Early in the war, both the North and the South thought it would be a quick affair. Soldiers rushed to enlist, fretting that, were they too slow, they might not experience the glory of combat. Senators pushed for combat. But some military leaders knew better. The first commander of the Union army, Irvin McDowell, was one of these leaders. Privately, he complained to Lincoln:
“[Our inexperienced soldiers] do not know how to pour cereal.”
As this indicates, some of the more competent leaders already recognized the inferiority of the milk-first pouring method so common to the northern states. But it would take time to train them otherwise. Lincoln, facing political pressure, didn’t have that time; he responded to McDowell’s complaint:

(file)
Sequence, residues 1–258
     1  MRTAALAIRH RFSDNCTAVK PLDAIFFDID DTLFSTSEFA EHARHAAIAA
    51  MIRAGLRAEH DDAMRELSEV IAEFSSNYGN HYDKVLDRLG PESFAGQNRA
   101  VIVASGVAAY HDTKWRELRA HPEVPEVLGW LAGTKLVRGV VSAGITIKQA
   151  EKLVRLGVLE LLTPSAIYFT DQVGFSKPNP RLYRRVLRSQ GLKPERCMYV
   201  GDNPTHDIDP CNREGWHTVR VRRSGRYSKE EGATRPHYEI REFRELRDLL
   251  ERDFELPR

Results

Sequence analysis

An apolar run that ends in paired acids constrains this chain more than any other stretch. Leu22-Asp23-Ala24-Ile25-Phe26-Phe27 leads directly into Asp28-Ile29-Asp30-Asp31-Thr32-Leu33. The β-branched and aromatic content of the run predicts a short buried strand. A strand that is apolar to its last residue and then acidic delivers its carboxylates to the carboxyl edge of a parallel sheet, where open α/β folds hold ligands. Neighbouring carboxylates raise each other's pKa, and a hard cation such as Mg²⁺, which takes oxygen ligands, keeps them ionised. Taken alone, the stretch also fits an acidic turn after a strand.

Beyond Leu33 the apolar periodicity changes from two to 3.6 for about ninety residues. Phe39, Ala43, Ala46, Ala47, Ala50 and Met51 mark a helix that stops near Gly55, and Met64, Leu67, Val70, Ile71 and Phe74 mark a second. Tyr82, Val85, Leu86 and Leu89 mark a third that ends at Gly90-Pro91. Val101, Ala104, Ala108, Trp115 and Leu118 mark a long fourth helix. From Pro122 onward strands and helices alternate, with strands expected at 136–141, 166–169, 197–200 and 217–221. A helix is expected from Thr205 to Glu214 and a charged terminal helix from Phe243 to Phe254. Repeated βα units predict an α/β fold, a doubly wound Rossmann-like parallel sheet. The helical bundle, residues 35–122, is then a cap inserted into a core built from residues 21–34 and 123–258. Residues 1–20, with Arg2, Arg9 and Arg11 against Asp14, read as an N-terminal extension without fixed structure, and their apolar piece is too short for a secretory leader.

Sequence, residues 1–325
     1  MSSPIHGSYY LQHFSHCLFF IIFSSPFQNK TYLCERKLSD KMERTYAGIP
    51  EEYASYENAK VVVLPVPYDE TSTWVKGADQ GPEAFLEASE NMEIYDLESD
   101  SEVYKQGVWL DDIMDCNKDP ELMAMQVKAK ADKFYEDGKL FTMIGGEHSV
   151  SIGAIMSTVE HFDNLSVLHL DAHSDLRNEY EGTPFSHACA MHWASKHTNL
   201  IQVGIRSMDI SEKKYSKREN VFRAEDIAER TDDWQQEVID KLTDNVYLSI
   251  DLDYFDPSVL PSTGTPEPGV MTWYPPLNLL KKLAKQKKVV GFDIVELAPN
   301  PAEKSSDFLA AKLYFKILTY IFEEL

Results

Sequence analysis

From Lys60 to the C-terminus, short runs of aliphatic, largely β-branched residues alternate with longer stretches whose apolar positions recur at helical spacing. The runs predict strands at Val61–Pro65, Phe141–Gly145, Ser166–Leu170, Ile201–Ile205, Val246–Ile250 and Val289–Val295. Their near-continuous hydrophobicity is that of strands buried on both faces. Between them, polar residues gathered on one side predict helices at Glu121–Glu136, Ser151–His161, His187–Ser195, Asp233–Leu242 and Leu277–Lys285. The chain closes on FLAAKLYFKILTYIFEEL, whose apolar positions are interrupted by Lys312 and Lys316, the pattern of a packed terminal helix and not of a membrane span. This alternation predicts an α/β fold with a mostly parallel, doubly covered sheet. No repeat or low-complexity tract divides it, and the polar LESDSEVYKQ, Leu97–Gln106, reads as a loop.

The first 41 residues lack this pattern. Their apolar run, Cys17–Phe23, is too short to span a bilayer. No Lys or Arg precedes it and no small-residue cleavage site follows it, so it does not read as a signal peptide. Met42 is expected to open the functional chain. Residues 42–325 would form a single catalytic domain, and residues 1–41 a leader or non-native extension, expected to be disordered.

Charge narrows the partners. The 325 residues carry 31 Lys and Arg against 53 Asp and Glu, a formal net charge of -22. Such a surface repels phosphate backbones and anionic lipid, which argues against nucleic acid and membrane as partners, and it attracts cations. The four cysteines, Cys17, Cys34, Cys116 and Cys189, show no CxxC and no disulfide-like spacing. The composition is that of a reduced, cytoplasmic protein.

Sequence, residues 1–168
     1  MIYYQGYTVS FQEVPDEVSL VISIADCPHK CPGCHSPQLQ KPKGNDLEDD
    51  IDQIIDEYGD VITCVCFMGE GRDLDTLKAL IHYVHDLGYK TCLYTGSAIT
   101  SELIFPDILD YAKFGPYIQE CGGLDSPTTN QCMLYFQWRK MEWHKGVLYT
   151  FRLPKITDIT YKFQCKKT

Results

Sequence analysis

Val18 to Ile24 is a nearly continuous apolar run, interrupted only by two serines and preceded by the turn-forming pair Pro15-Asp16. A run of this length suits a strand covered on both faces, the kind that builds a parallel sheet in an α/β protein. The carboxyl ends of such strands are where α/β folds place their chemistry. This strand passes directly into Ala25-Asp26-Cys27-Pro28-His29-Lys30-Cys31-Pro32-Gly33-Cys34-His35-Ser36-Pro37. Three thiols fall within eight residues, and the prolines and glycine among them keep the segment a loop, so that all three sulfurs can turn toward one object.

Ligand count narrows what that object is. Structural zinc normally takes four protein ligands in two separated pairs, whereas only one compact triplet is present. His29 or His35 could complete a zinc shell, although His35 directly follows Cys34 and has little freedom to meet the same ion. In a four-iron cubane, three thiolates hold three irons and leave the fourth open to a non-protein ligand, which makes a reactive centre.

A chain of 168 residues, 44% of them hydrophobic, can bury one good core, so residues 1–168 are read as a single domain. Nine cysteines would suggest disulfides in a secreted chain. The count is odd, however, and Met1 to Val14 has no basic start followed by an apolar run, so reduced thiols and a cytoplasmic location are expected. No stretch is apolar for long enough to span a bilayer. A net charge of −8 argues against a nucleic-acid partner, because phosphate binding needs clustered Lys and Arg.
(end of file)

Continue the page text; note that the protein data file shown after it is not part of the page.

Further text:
“You do not know not how to pour cereal, it is true, but they do not know how to pour cereal also; you all don’t know how to pour cereal alike.”
In this, he was tragically mistaken. Some Confederate leaders recognized the necessity of pouring cereal before milk, and rigorously trained their troops with this in mind. These leaders, lifetime military men, included Thomas Jonathan Jackson. Jackson was a deeply religious man who always poured his cereal first, and whose no-nonsense approach to command dramatically altered the course of the war.
NEXT: “MILKCARTON” JACKSON